The name of the Institute has changed over time. In 1979 it was initially called the Laboratory for Plasma and Fusion Studies. Effective July 1, 1988, it was named the Laboratory for Plasma Research and later the Institute for Plasma Research. Effective July 1, 2001, it was renamed the Institute for Research in Electronics and Applied Physics (IREAP).


The Institute is led by a Director who reports to the Deans of the two college of which IREAP is a part. The first acting director of the Institute was Professor Chuan Liu of the Department of Physics, who presided over the groundbreaking of the Energy Research Building on July 19, 1979, which currently houses IREAP.  He was responsible for establishing the Plasma Theory Group.  Liu subsequently went on to become Dean of the Graduate School at UMD and President of National Central University in Taiwan.  He returned to the University of Maryland in 2007 where he is now an emeritus professor.

In 1981 Hans Griem, also of the Physics Department and a founding member of the Institute, was appointed as the first permanent director. Griem had joined the University in 1957 and was an emeritus professor and member of IREAP.  He passed away October 2, 2019.

Griem was succeeded in 1987 by Professor Victor Granatstein of the Department of Electrical and Computer Engineering. Granatstein, at that time a recent arrival from the Naval Research Laboratory, expanded the Institute’s activities in high power microwave electronics.  He is currently an emeritus professor in IREAP.

In 1998 Professor Thomas Antonsen, with joint appointments in Physics and Electrical and Computer Engineering, was named acting director.  Antonsen joined the University in 1980 and is a current member of IREAP and Distinguished University Professor (IREAP has four). Antonsen was replaced in 2001 by Professor Patrick O’Shea of the Department of Electrical and Computer Engineering.

O’Shea arrived in 1998 from Duke University, after receiving his Ph.D. degree in 1985 from the Institute for Plasma Research at UMD under the guidance of Professors Martin Reiser and William Destler. Professor Reiser was a founding father of the Institute. O’Shea stepped down in 2005 to become Chair of the Department of Electrical and Computer Engineering here at Maryland in the Clark School. He subsequently became Dean of the Graduate School and Vice President for Research at Maryland. He returned to Ireland to become president of his alma mater, University College Cork in Ireland.  He returned to the University of Maryland in 2021, and presently works in the IREAP.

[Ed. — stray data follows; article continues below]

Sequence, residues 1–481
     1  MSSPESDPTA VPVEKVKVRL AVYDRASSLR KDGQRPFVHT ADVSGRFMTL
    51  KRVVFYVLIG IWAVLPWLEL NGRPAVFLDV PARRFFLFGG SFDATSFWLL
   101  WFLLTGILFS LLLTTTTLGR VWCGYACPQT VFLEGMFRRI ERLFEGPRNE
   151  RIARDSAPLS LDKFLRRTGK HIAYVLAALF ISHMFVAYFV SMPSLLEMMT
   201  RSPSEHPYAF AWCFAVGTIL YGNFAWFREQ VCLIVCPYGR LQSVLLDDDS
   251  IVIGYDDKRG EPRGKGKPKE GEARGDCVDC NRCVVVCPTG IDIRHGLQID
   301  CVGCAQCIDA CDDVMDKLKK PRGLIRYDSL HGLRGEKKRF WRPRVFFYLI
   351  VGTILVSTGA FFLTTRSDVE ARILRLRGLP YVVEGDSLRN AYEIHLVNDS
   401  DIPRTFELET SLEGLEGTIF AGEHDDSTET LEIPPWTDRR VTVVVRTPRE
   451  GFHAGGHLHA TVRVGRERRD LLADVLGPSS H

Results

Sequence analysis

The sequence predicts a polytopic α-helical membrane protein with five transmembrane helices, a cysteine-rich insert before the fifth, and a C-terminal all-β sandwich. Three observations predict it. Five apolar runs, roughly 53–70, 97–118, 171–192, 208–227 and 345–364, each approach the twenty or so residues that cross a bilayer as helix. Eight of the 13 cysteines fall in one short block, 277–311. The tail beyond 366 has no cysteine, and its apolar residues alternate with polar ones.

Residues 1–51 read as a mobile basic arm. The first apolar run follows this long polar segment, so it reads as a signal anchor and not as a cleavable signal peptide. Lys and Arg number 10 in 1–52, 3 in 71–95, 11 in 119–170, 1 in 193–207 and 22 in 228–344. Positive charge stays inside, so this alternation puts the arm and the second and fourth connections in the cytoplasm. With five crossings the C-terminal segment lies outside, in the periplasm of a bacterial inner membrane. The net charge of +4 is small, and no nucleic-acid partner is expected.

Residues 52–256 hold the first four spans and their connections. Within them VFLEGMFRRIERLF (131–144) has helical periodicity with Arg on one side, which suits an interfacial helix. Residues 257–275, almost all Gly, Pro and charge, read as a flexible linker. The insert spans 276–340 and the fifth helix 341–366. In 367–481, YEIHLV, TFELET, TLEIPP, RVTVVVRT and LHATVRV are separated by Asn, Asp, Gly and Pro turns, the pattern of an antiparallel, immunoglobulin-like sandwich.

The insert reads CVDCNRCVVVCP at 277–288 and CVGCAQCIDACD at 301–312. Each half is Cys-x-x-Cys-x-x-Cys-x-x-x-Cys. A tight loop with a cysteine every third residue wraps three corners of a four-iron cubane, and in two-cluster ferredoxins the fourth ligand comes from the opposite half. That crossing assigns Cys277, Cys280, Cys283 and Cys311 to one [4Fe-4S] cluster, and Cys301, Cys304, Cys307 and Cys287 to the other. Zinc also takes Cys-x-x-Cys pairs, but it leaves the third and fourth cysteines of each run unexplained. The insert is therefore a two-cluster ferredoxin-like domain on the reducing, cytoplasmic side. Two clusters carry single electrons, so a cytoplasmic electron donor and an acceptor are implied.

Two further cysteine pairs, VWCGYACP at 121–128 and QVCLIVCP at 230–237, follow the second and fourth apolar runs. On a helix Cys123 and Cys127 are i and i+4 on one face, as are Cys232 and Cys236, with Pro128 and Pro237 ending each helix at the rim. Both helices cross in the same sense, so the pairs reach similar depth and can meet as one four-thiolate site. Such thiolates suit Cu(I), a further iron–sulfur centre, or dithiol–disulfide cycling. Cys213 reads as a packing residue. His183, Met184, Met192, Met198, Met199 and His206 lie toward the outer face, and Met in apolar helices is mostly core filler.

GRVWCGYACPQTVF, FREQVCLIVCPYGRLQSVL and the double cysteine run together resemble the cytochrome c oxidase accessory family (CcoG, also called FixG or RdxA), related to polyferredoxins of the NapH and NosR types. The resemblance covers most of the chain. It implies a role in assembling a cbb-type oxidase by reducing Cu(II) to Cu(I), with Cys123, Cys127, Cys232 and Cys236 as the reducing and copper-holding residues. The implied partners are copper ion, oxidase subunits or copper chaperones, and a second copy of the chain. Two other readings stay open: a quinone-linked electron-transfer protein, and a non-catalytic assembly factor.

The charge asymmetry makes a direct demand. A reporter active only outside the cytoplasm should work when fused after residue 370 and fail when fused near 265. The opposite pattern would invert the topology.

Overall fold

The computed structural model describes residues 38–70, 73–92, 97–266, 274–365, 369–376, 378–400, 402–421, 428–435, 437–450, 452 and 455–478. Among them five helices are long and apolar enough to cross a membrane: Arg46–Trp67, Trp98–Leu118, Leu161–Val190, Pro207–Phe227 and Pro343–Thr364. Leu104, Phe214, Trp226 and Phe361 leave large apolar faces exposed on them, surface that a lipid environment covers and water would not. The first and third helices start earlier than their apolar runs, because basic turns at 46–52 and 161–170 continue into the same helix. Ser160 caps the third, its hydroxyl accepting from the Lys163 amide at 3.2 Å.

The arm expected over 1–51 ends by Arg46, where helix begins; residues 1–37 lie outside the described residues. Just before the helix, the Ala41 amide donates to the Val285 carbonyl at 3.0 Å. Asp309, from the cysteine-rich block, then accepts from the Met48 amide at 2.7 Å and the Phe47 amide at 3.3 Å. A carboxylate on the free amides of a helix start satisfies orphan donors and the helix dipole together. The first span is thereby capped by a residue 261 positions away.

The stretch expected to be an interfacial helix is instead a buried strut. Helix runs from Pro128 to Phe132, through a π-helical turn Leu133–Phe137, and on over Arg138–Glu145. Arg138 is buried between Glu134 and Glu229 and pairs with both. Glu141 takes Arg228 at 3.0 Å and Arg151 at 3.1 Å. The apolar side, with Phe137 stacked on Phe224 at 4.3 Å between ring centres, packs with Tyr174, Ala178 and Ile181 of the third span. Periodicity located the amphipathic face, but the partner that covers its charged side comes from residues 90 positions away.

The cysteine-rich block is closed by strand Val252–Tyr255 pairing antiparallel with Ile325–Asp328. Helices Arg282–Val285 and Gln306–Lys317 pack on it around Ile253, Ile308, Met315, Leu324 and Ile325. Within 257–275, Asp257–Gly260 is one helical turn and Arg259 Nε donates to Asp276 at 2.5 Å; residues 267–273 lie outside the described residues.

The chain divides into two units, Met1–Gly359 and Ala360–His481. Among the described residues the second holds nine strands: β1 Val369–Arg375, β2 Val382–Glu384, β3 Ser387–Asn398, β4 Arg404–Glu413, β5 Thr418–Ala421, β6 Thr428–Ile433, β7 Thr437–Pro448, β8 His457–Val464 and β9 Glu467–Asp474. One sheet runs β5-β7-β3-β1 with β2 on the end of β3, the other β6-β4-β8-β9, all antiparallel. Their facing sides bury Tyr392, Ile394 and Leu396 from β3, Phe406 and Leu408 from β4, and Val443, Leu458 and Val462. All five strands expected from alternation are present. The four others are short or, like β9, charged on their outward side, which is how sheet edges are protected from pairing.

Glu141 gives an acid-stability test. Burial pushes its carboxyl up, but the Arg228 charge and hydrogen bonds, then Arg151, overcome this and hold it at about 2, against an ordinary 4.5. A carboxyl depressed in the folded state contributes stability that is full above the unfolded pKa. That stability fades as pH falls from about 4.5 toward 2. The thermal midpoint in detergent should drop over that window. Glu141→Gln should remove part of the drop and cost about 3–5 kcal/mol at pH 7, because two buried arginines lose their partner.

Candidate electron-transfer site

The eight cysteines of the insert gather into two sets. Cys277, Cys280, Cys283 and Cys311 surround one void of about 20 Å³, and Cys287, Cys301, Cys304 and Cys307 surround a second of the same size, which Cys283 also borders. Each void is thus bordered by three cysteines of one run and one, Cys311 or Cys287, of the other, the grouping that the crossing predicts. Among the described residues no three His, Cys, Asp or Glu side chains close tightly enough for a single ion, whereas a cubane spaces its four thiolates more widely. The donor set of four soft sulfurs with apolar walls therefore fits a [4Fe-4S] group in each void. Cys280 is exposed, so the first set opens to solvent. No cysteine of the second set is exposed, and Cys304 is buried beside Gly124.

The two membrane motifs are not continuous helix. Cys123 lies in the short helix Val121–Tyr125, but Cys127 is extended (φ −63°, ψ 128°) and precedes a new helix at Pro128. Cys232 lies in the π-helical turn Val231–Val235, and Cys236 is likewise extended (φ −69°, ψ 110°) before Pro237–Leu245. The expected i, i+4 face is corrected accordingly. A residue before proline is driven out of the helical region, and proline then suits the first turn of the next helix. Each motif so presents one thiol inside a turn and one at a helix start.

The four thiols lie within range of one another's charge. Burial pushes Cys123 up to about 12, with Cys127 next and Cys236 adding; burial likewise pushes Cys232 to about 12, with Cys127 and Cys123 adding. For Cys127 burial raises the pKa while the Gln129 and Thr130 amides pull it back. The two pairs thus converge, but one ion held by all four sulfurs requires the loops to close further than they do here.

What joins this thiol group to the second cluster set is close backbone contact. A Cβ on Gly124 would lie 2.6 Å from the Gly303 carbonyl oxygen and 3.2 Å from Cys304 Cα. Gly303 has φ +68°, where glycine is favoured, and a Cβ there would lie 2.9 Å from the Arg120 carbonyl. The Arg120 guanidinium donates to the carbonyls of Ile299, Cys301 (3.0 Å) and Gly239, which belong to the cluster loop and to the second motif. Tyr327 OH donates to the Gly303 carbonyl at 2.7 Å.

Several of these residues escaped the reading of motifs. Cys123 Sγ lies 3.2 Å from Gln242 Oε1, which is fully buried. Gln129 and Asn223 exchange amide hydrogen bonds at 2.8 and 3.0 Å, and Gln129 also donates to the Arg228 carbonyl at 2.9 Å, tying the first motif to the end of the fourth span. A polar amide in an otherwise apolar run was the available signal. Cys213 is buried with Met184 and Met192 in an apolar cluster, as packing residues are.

O’Shea was succeeded by Professor Daniel Lathrop who has appointments in the Physics and Geology departments. Lathrop came to the University in 1997 as part of an initiative to expand the activities in nonlinear dynamics. Lathrop stepped down in 2012 to become Associate Dean in CMNS.

He was succeeded by Professor Thomas Murphy (2012-2022) of the Department of Electrical and Computer Engineering.  Professor Murphy is an expert in nonlinear optical science.

In 2022 Professor Yanne Chembo became our current Director. He joined the University of Maryland in January 2019 with a joint appointment in the Department of Electrical and Computer Engineering and the Institute for Research in Electronnics and Applied Physics.  Prior to joining the University of Maryland, he was a Research Director at the French National Center for Scientific Research (CNRS). There, he led a research group focused on the exploration of nonlinear, quantum and stochastic phenomena in optoelectronics, microwave photonics, and laser physics.